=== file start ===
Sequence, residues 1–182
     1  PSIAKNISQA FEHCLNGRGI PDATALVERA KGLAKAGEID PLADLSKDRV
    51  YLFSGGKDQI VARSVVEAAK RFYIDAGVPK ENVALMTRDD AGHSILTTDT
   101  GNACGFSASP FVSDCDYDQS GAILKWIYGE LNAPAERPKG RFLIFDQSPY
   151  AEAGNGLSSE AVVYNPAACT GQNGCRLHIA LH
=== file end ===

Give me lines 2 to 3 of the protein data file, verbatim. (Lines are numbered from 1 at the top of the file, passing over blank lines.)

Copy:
     1  PSIAKNISQA FEHCLNGRGI PDATALVERA KGLAKAGEID PLADLSKDRV
    51  YLFSGGKDQI VARSVVEAAK RFYIDAGVPK ENVALMTRDD AGHSILTTDT